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AngularJS : and JSONP

Tutorial by:Sumit Chauhan      Date: 2016-08-12 00:22:21

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AngularJS's $http service is also capable of sending JSONP requests. The normal AJAX calls can only send requests to URLs within the same domain as the HTML page sending the requests was loaded from. You can get around this with JSONP requests.

JSONP is short for "JSON with Padding" (I explain why, later). A JSONP request is not sent via the XHR object like AJAX calls normally are. Instead, a <script> element is created and inserted into the HTML page. Here is an example of how such a <script> element could look:

<script src=""></script>

The src attribute contains the URL of the remote service to call with the JSONP call. This URL should include any parameters you need to send to the remote service.

When the <script> element is inserted into the HTML page, the browser will load the script from the given URL. That enables the remote service to send JavaScript back to your application for execution.

The JavaScript returned by the remote service should be a function call to an existing JavaScript function in your HTML page. Here is how the returned JavaScript could look:

theServiceResponse( { name : "John", title : "CEO", company : "BigFatCo" } );

This code makes a function call to the function named theServiceResponse. This function must be present in your HTML page already. Inside this function you process the response sent back from the service.

When the theServiceResponse() function is called, a JavaScript object is passed to the function as parameter. This JavaScript object contains the response parameters from the service call. Thus, this JavaScript object is generated by the remote service. Whatever the remote service wants to send back to you is what this JavaScript object contains. Seen from the remote service's perspective, that JavaScript object is just JSON like any other JSON sent back to an HTML page. The difference is that this JSON object is wrapped in a function call. This function call is the "padding" part of the "JSON with Padding" name for JSONP.

You might wonder how the remote service knows the name of the function to wrap the returned JSON in. The answer is, that you pass that name to the remote service along with the other request parameters. The function name is one of the request parameters. By default this parameter name is callback but you will have to check with the concrete service to see what parameter name it expects for the function name.

In AngularJS the function name is supplied behind the scene by AngularJS, so you don't have to worry about adding it to the URL of the remote service.

You use JSONP calls via the $http service like this:

$http.jsonp( url, config );

Like with the AJAX functions the jsonp() function takes a url and a config object. Here is an example of a JSONP call with the url and config objects supplied:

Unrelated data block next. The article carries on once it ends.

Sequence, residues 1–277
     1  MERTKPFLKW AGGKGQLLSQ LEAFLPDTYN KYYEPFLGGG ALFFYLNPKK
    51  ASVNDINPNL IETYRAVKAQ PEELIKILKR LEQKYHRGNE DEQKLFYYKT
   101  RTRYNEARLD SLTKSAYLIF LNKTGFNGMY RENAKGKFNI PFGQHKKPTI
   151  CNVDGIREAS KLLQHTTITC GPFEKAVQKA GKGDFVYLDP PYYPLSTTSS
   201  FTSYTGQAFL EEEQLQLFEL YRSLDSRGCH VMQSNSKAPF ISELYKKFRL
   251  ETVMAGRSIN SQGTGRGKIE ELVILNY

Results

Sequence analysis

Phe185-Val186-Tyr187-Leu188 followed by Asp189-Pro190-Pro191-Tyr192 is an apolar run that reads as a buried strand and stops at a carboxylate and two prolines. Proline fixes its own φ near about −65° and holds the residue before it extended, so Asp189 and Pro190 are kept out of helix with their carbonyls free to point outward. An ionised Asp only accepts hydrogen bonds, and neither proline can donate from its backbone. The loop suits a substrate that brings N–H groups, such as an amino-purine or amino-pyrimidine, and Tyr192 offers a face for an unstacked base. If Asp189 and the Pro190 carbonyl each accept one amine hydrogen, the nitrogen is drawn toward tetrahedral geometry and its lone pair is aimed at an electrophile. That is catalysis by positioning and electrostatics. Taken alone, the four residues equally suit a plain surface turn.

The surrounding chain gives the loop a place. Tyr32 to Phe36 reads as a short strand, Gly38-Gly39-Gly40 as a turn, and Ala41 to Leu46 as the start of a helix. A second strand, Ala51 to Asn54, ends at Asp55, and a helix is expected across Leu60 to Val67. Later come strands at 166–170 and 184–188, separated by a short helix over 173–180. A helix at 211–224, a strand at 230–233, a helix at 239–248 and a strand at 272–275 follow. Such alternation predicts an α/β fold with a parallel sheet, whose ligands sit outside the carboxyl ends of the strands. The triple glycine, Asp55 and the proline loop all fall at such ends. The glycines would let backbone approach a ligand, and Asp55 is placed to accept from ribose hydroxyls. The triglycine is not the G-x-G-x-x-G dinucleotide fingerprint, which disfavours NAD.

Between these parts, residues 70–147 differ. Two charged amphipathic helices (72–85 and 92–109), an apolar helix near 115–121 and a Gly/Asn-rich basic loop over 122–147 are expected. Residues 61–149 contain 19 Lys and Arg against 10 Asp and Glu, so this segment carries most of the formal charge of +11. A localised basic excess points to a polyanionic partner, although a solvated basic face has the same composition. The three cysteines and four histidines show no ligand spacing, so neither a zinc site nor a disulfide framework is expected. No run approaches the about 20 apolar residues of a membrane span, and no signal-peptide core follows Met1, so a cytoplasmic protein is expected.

var url =";
var responsePromise = $http.jsonp( url,
             {  params : {
                   p1 : "v1"
                  ,p2 : "v2"

responsePromise.success(function(data) {
    // do something with the returned JavaScript object
    // ( in the "data" parameter ).

This example makes a JSONP call to the service URL Like with the other AJAX functions of the $http service, the config object can contain a params field. This field should be a JavaScript object containing all the request parameters to append to the URL of the remote service.

When you call the $http.jsonp() function AngularJS will create <script> element for you, and insert it into your HTML page. AngularJS will also create the final URL of the remote service by appending the parameters passed in the config.params object to the URL.

The URL passed to the $http.jsonp() function must contain the callback=JSON_CALLBACK parameter. AngularJS will replace the JSON-CALLBACK string with the name of a callback function which AngularJS creates.

The promise object returned by the $http.jsonp() function has a success() function, just like the other AJAX function call promise objects. Unfortunately we do not have access to the HTTP headers of the response sent back from the server, since that request is handled by the browser internally, when evaluating the <script src="url"> element. That also means that if the JSONP call fails, we have no way of knowing so, since no callback function will get called in that case (no JavaScript to execute from the remote service).

JSONP Security

You have to be careful with JSONP calls. When you make a JSONP call. The remote service could send back any JavaScript which would then get executed inside your HTML page. An evil remote service could send back JavaScript which attempts to steal information from your application and sent it to a third party service. Only make JSONP calls to services you trust.

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